Wayne Fontana
Wayne Fontana. Photo: Helen Bennett
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Wayne Fontana, one of the early pioneers of the Manchester music scene in the sixties, has lost his fight with cancer and passed away at Stepping Hill Hospital, Stockport, on 6th August aged 74. His long term partner was by his side said a statement from Mr Fontana’s agent, adding that the family ask for privacy at this time.

Wayne Fontana was born Glyn Geoffrey Ellis in Levenshulme, Manchester and formed his first group The Jets in 1961.  Fontana’s stage name was taken from Elvis Presley’s drummer DJ Fontana. In 1963 he reformed, and renamed the group The Mindbenders, with Bob Lang, Ric Rothwell and Eric Stewart who later found fame in 10cc.

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Following the breakthrough by the Merseybeat groups, Wayne Fontana And The Mindbenders quickly gained a huge following at clubs across the north of England. As the recording industry cast their gaze towards the North, Wayne Fontana And The Mindbenders the band secured a recording contract with Fontana Records, one of the first groups to do so from the burgeoning Manchester music scene. In 1964 they scored their first Top 40 hit with Stop Look And Listen (No 37) before hitting Number 5 with a cover of Major Lance’s Um Um Um Um Um Um.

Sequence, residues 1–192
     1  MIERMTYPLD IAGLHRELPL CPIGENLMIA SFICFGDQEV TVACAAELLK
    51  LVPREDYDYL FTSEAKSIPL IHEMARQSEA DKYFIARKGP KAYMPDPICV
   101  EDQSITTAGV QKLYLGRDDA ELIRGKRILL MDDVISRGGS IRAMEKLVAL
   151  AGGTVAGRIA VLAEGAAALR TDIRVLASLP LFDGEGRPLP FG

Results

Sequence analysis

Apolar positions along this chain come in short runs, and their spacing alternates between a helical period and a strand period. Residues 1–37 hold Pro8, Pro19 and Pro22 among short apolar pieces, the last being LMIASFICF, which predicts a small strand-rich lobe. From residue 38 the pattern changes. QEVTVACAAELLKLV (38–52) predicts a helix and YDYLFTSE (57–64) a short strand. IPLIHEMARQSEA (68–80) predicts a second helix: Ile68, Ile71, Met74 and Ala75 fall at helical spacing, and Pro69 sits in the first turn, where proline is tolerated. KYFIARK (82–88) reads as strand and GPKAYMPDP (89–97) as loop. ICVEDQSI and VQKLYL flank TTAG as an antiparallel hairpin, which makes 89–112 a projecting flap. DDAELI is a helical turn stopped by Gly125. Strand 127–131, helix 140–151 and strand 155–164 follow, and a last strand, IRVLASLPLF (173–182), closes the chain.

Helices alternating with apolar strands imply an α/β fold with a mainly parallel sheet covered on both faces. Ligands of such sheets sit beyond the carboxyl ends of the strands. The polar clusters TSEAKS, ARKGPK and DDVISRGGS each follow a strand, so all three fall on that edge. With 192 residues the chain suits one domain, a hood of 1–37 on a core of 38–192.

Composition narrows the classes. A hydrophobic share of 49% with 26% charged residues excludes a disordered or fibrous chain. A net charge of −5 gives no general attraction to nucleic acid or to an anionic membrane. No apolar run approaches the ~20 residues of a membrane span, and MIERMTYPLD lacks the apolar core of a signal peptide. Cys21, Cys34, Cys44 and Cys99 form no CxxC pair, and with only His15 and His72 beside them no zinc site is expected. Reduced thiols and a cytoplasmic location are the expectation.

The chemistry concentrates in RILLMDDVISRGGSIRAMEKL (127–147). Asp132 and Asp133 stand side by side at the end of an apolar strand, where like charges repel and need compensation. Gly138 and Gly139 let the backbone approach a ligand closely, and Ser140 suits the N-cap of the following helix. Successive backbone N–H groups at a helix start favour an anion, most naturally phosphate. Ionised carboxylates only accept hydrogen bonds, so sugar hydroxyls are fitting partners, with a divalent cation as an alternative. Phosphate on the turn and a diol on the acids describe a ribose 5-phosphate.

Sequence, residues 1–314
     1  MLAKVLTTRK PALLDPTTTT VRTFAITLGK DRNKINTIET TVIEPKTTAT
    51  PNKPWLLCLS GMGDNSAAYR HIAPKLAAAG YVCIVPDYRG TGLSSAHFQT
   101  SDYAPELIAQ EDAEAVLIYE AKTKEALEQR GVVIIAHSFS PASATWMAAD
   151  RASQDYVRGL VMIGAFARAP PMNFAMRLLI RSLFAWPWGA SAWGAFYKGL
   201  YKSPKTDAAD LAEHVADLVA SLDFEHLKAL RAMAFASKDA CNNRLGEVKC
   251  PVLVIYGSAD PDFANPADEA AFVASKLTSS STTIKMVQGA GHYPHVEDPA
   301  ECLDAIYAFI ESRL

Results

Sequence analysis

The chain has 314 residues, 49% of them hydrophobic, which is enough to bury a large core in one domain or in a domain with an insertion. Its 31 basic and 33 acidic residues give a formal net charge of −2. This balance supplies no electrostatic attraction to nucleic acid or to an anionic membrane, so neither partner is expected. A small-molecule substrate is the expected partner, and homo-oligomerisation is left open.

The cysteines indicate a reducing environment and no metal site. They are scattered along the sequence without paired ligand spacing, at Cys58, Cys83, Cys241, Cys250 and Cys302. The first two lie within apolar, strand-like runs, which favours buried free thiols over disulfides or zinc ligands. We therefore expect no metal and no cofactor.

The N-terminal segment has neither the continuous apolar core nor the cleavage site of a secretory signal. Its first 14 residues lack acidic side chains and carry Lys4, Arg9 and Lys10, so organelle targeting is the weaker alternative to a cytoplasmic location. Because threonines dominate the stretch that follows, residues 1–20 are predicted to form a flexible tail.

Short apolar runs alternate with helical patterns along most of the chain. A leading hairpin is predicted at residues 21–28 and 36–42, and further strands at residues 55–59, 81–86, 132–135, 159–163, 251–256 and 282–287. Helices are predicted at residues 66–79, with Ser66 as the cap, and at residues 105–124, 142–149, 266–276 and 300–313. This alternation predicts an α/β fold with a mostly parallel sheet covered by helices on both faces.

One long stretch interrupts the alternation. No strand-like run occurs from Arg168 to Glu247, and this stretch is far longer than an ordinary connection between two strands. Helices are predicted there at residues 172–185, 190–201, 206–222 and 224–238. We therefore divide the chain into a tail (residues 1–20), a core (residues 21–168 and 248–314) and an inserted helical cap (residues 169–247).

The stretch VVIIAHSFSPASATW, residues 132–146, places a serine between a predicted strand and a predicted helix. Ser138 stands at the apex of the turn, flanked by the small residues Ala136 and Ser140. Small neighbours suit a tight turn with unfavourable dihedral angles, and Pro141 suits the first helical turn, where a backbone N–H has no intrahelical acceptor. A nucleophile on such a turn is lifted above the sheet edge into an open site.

The follow-up Game Of Love made Number 2 in the UK charts and gave them a US Number 1 the following year. However, Wayne Fontana And The Mindbenders were unable to repeat this success and Fontana left the band to follow a solo career.

His biggest solo success came in 1967 with the Graham Gouldman composition Pamela Pamela which charted at Number 11. Fontana was also one of the first to perform at the Glastonbury Festival, in 1970.

After a period away from the music business, Wayne Fontana returned on the 60s revival circuit and became a regular performer, for many seasons, alongside Gerry And The Pacemakers on the hugely popular Solid Silver 60s Show.

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